Alternatively, perhaps, the company was incompetent and lacked the expertise required to recognise and understand Enron’s special entities, revenue and other accounting practices. The company did not disclose to be pressurized by the latter not to reveal its charges for special entities, when credit risks started being known. If Anderson had done so, these fees would have been included in Enron’s losses increasing them. The latter also used other accounting methods that were deeply disturbing. For example, cancelled projects were entered in accounting books as assets. While this method was at first used for small projects only, it later expanded to larger ones as well with dire consequences for the company.

The scandal was so huge that Enron collapsed due to it. Thus, all its employees became jobless all of a sudden. The top officials of the company, including its former CEO Skilling and founder Kay, were put to trial and convicted. However, Lay escaped justice when he soon died from a heart attack. Following the occurrence of this huge scandal, the financial committee of both Houses of Congress held hearings, which led to the passing of the Sarbanes-Oxley Act in 2002. It sought to seal loopholes in financial laws that had allowed the scandal to occur. One of the provisions of this Act was the setting up of the Public Company Accounting Oversight Board, which would be tasked with the coming up with the standards of audit report preparation. In addition, it was also supposed to ensure that public companies would be restricted from providing non-auditing services and would expand their financial disclosures of unconsolidated entities that they entered into relationships with.

Apart from the Congress, the Securities and Exchange Commission together with the New York Stock Exchange also stepped in to seal some of these loopholes. The recommendations they made that were meant to change the stock market regulations included the provision that all companies had a majority of independent directors, who apart from having other responsibilities should be part of important committees, like the audit committee, the nominating committee and the compensation committee (Fusimo & Miller, 2002). Additionally, the changes required the audit committee to be composed of members, who were financially literate with a minimum of one member having training or experience in financial management.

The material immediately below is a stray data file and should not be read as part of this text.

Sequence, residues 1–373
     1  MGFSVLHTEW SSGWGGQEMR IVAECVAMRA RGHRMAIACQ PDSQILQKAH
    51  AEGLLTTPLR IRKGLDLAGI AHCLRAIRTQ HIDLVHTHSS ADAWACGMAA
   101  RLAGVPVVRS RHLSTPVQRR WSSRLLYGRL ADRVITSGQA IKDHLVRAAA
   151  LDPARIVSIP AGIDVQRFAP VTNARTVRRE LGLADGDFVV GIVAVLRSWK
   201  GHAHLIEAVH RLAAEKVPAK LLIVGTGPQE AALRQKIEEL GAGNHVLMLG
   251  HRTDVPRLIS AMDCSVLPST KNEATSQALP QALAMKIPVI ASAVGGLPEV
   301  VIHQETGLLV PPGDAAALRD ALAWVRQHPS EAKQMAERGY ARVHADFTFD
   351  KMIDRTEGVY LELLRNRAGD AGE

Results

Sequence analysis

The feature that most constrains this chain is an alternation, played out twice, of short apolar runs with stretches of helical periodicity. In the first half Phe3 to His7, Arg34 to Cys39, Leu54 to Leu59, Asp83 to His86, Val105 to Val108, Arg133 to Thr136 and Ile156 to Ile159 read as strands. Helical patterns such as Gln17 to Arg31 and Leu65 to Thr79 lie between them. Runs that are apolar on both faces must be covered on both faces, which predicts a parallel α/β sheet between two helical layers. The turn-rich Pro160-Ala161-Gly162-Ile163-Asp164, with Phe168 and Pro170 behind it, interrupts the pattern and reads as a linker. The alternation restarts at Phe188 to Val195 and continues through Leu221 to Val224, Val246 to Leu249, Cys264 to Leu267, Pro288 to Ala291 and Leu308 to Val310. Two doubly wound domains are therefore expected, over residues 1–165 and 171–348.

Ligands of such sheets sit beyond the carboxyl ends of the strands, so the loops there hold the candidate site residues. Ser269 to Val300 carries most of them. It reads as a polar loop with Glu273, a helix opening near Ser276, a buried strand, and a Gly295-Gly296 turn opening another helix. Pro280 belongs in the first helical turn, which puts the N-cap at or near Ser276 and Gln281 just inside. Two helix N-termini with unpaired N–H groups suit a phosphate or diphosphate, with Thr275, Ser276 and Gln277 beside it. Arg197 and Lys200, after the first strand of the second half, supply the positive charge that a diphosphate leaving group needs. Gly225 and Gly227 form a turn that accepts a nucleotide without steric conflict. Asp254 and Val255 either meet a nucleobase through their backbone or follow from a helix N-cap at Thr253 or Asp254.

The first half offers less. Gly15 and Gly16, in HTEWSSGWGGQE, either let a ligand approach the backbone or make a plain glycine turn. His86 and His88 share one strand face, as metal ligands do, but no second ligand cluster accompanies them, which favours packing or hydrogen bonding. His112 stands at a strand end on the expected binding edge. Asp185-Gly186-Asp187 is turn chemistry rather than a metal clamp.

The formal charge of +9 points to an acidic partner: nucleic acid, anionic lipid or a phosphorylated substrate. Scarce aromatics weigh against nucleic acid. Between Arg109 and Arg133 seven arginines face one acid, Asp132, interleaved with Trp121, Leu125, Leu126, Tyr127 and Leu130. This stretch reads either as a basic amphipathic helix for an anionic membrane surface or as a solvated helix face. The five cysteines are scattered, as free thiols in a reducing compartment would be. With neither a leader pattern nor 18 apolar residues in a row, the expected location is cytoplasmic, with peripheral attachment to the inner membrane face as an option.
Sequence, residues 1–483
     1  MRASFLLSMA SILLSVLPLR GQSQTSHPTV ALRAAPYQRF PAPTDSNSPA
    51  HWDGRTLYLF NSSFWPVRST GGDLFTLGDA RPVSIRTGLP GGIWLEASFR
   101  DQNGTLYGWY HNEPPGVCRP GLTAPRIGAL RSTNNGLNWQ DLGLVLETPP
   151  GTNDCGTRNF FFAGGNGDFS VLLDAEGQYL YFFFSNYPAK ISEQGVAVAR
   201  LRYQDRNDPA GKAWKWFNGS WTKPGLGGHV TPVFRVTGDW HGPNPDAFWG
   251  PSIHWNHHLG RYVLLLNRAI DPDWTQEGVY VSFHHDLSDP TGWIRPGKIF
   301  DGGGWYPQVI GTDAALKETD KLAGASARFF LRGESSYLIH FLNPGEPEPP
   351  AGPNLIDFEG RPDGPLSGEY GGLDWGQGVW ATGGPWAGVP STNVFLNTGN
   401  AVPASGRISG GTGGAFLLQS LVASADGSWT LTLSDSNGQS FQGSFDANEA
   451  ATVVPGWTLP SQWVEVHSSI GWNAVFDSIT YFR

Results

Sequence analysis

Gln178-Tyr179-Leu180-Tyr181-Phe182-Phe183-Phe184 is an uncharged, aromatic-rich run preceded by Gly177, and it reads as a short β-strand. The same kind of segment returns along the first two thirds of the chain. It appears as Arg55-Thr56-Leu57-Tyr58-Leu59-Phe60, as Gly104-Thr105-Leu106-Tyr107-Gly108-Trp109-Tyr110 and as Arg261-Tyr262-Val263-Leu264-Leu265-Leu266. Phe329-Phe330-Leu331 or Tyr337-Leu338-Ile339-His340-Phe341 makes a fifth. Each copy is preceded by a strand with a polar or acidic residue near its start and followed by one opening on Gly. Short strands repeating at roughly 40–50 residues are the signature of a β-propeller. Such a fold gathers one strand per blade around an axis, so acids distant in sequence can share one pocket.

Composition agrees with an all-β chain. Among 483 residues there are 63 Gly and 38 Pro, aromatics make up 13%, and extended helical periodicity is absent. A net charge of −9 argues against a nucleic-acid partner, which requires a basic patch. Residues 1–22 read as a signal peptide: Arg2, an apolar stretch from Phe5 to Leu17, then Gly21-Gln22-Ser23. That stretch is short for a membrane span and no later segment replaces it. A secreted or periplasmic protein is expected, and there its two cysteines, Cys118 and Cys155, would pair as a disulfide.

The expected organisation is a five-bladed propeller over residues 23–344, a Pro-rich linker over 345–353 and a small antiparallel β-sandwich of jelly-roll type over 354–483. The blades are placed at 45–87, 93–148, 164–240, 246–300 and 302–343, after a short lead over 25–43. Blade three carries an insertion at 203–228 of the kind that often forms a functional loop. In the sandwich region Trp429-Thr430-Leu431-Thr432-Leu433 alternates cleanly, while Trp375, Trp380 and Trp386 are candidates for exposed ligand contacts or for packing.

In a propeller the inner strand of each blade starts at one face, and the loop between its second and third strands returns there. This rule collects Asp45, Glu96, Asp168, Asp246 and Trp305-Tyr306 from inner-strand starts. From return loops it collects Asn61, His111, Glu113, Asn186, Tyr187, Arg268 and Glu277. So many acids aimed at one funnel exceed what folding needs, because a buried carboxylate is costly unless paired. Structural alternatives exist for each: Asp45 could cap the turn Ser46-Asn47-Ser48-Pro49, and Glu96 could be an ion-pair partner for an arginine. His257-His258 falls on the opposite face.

The scandal had huge negative financial implications not only on the company’s shareholders, but also on its creditors and employees. For example, it was estimated that $50 billion out of $74 billion that investors lost during the four years preceding the company’s bankruptcy were due to this fraud. It showed how big this scandal was (Elliot & Scroth, 2002). Shareholders went away empty-handed after the collapse of the company, while all its assets, including art and logo signs, had to be auctioned in order to pay creditors.

In addition, it paid out huge amounts of money to its employees and investors as a result of lawsuits. For example, the total of $85 million was paid to more than 20,000 workers, who had their pensions worth almost $2 billion. On the other hand, investors received approximately $4.5 billion in 2005, while other shareholders got $7.2 billion three years later in similar settlements (Furimo & Miller, 2002). One of the reason why managers of companies engage in such unethical and illegal activities as the ones performed by Enron’s executives is the belief that perhaps there is no deterrent punishment that is effective in the system and acceptance of an illegal activity as something rationale (Albright & Searcy, 2001). Thus, more stringent and effective laws need to be put in place to combat such malpractices.

The owners of companies should also play a bigger role, especially in the monitoring of the activities of top managers, and should know exactly how their firm is making money. If the Enron’s stakeholders had been keener in monitoring the activities of the company, the scandal would not have occurred at all. The Securities and Exchange Commission also needs to come up with a better accounting system that can disclose as much financial information as possible. It will prevent the reoccurrence of the market-to-market system used by Jeffrey Skilling in the company, accepted by the SEC and only later found out to be illegal.